Sauterne wine is a sweet wine made from a combination of grape cultivars. It's not the same as Sauternes wine, which is a sweet wine produced in a specific region of France. Still, sauterne wine is valuable for its sweetness in cooking, and many who have used sauterne before do recommend it. Over the years, sauterne became less easy to find, but now more companies are starting to make it again. If you have some recipes that call for a sweet white wine, and you want to see if a sauterne wine would work well, keep the following in mind:
Sauterne wines usually have sugar added to enhance the sweetness of the grapes used. This means that any recipe in which you use a sauterne could become sweeter than you're used to, depending on the amount used. If you're using only a tablespoon or so, obviously, that's not going to add much sweetness above what the recipe already calls for. But if you have to add a half cup or a cup, then you could see an effect. If the recipe also calls for other sweet ingredients like brown sugar, you might want to try the recipe as written and then make it a second time, adjusting those other sweet ingredients as needed. Aim for a delicate sweetness; you're not trying to overwhelm the dish with sugar.
As with other cooking wines, always be conscious of how long the wine is actually cooked. People often assume alcohol burns off, but they don't realize that it burns off very slowly. A quick stir over low heat isn't going to get rid of much of that alcohol at all. If you are serving the dish to people who have to avoid all alcohol for medical or religious reasons, make sure it's one in which the alcohol is cooked for at least a couple of hours -- and then warn the people anyway.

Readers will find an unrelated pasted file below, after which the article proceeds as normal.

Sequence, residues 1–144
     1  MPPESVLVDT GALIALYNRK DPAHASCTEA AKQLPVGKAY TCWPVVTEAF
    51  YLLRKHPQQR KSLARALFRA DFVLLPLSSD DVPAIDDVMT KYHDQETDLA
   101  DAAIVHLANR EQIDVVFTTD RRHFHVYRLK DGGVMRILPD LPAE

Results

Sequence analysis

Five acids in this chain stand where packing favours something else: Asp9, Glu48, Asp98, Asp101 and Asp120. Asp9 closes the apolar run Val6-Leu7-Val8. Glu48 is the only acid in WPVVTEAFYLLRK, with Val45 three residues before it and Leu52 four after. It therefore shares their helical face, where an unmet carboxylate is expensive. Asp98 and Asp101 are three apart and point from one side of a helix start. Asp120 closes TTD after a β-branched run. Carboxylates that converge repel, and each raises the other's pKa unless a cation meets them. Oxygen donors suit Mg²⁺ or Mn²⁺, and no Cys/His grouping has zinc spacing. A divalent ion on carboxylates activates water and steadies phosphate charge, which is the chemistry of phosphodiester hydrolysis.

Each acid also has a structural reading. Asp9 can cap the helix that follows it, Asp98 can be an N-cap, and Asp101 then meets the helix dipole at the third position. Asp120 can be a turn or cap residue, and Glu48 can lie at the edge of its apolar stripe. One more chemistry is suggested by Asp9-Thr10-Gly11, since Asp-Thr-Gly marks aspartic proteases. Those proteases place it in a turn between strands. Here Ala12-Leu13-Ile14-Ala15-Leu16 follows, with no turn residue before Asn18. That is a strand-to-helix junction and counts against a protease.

Slightly Different Flavors
Sauterne wines don't really have a standardized recipe and can be made from several different types of grapes in combination. That means that sauterne from one vineyard may taste slightly different from a sauterne from another vineyard. Again, in small amounts, this won't really change the taste of the dish too much, but in larger amounts, particularly larger uncooked amounts, you might taste a slight difference. That's not necessarily bad, by the way.
Get a few small bottles of different sauterne wines and have some fun cooking up a storm. You'll likely find at least a couple of brands that work well with your tastes.